For each group, the dependent variable in the AIDS and QUAIDS models is the food or beverage expenditure share (proportion of household expenditures in each group over total expenditures on food and beverages in the system). We adjusted the models for year, quarter, household size and composition, household assets, education of the head of the household and we obtained robust standard errors using region as a cluster. We created a Fisher Price Index for each group that were included in the models. A price index summarizes prices of a basket of goods using a normalized value, a weighted mean of prices. A Fisher Price Index is a consumer price index that measures the price level of goods estimated as the geometric mean of the Laspeyres and Paasche index . The Laspeyres index uses baseline prices calculated as the weighted sum of the baseline prices times consumption at time t over the weighted sum of baseline prices times consumption at baseline. The Paasche index is calculated as the weighted sum of prices multiplied by consumption at time t over prices at baseline multiplied by consumption at time t. In demand systems, Fisher Price Index reduce biases related to unit values [41–43]. To estimate each Fisher Price Index, we first derived brand-level unit values by dividing household purchases (in Chilean pesos) of products from each brand by the quantity purchased by the household at a specific quarter/year. For Laspeyres and Passche Index, the baseline value should be the first month or quarter of 2015. However, because after baseline, during the study period new brands may have appeared, we decided to take the average of all years. As the data set had many brands, we aggregated brands of products with less than 1% of market share volume into a single composite brand. We ran regressions at the food and beverage group to impute brand-level unit values when missing, adjusting for education, age of the head of the household, tertiles of household assets, time, and unemployment rates. For each household, unit values were calculated at the brand-quarter-year level. Because households purchase each quarter products from some but not all existing brands, for each household we imputed brand prices not purchased in each quarter. From 2015–2017, considering all household-brand-quarter-year possible purchases, we imputed had 82% imputed unit values.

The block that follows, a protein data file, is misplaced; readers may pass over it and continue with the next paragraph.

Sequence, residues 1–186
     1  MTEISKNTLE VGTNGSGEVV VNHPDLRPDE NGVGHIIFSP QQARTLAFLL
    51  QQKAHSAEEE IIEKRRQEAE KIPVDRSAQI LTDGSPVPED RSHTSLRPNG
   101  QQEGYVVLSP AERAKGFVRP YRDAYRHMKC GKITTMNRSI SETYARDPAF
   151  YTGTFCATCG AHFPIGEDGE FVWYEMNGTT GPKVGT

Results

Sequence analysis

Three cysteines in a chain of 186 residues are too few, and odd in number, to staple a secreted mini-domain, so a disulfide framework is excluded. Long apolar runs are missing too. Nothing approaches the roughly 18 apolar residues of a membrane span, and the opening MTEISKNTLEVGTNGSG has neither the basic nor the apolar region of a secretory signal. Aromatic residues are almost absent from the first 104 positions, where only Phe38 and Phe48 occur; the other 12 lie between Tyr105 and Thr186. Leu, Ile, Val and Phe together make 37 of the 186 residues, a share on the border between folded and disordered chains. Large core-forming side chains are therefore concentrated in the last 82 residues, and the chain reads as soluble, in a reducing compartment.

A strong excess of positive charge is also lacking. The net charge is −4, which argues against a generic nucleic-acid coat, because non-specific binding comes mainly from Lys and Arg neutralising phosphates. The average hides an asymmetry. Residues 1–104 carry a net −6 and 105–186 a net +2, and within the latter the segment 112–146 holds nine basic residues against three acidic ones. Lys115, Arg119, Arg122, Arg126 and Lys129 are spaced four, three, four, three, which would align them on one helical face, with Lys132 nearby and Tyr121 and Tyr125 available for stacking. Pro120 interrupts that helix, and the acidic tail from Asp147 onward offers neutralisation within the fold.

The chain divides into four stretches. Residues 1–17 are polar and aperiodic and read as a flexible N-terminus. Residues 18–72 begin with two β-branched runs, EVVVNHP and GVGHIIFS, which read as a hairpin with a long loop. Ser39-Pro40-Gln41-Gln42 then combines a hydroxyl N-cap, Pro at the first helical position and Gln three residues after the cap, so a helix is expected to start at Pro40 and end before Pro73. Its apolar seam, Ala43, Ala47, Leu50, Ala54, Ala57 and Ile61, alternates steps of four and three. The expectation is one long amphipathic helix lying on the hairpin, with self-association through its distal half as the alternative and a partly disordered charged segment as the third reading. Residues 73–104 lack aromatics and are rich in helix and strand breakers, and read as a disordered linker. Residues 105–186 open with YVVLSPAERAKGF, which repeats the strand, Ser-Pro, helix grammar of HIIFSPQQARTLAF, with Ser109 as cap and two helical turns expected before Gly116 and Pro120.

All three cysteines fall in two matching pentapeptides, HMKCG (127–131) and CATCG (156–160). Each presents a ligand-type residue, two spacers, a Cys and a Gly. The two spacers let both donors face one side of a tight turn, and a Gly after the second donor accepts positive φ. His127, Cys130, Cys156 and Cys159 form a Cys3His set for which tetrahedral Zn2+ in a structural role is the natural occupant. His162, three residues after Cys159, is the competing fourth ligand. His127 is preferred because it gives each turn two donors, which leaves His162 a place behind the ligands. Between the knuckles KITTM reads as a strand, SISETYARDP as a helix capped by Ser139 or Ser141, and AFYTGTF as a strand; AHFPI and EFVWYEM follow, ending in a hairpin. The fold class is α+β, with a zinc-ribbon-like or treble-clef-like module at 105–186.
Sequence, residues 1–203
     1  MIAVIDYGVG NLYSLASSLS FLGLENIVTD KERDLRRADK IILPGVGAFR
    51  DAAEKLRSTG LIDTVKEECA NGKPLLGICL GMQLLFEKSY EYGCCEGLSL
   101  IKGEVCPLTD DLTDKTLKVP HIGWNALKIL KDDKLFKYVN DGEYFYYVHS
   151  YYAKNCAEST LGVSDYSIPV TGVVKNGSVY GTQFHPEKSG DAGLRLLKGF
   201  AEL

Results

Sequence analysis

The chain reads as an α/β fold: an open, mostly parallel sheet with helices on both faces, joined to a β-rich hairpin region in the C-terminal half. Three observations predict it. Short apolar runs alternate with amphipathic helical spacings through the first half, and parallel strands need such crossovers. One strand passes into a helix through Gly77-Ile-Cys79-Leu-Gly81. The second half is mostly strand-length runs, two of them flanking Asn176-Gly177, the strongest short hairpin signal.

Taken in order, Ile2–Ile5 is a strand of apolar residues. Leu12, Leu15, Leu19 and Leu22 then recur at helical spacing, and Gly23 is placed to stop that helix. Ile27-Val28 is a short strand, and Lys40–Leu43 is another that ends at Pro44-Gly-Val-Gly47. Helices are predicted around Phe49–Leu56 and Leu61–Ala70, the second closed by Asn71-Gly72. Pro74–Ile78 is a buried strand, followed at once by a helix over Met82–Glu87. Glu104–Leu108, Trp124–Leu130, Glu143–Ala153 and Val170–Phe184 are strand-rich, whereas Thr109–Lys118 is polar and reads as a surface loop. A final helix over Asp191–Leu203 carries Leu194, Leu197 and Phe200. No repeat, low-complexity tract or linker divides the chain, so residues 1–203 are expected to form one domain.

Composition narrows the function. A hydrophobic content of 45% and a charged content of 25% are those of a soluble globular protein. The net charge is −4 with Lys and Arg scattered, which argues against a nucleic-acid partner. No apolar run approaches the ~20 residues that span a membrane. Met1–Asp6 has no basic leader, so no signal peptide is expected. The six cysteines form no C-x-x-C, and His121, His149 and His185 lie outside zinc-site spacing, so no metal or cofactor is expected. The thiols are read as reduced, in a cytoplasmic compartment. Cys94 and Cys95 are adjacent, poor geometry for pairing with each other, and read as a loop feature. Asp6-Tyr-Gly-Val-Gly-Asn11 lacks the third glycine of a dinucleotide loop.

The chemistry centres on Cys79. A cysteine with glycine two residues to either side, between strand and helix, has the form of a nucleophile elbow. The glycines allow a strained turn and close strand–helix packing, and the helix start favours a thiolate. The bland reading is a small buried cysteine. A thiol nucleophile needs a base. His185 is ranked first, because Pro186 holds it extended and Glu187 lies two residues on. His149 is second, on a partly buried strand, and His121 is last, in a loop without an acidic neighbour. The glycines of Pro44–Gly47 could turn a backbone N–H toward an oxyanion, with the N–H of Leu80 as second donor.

Analyses were conducted using Stata 15.
Estimation of tax revenues.
We estimated tax revenues under scenarios of 10%, 20% and 30% tax on labeled food and beverages in three steps. We applied the excise taxes for each scenario to the same base as the Value Added Tax (VAT). The VAT in Chile is 19%. Chile already has a tiered SSB tax of 18% for beverage with high sugar content and 10% for lower sugar content. For consistency with the scenarios simulated in our study for all food and beverages with a warning label we applied a 10%, 20% and 30% tax to SSB as if no taxes existed. We first derived the national consumption in Chilean pesos by multiplying the average per capita volume purchased (ml or grams/day) from Kantar for each group multiplied by 365 days in the year, the 2017 population  and the average price/ml or gram (unit values derived from Kantar). Because purchase data could be underestimated as in any household survey compared to consumption data and given that Kantar only represents urban areas, to get the national consumption, we applied a correction factor based on sales data from Euromonitor . The correction factor was estimated for each food or beverage group in 2017 by dividing Euromonitor´s per capita/day sales by the average per capita/day volume purchased in Kantar. In a second step, we estimated the expected national consumption after the tax by applying the income and prices elasticities (own and cross price elasticities) derived from the AIDS model, assuming a 100% pass through prices and considering the economic and population growth between 2017 and 2018. There is evidence from different countries that taxes fully passed to consumers, not only for SSB, but also for alcohol and tobacco. Although there is little evidence in Chile of pass through prices, a recent paper showed that the SSB tax rate increase implemented in 2014 was effective to increase price, for carbonates price increases exceeded the tax change . Expected consumption would in general decrease after the tax (based on own price elasticities) but as taxes are applied to all labeled food and beverages, substitutions or complementariness are plausible and expected consumption after the tax for each group can change. Finally, to get revenues, we multiplied the expected national consumption by the percent that the tax represents to the final price assuming that in Chile taxes are applied to wholesale prices.
Table 1 shows the distribution of expenditures, percent purchasers and Fisher Price Index for each food and beverage group and year. Beverages represent about half of total expenditures in this food and beverage system. As shown in the table, non-purchases of any food or beverage within each group is very small, the percent of purchases greater than zero is more than 95% for all groups.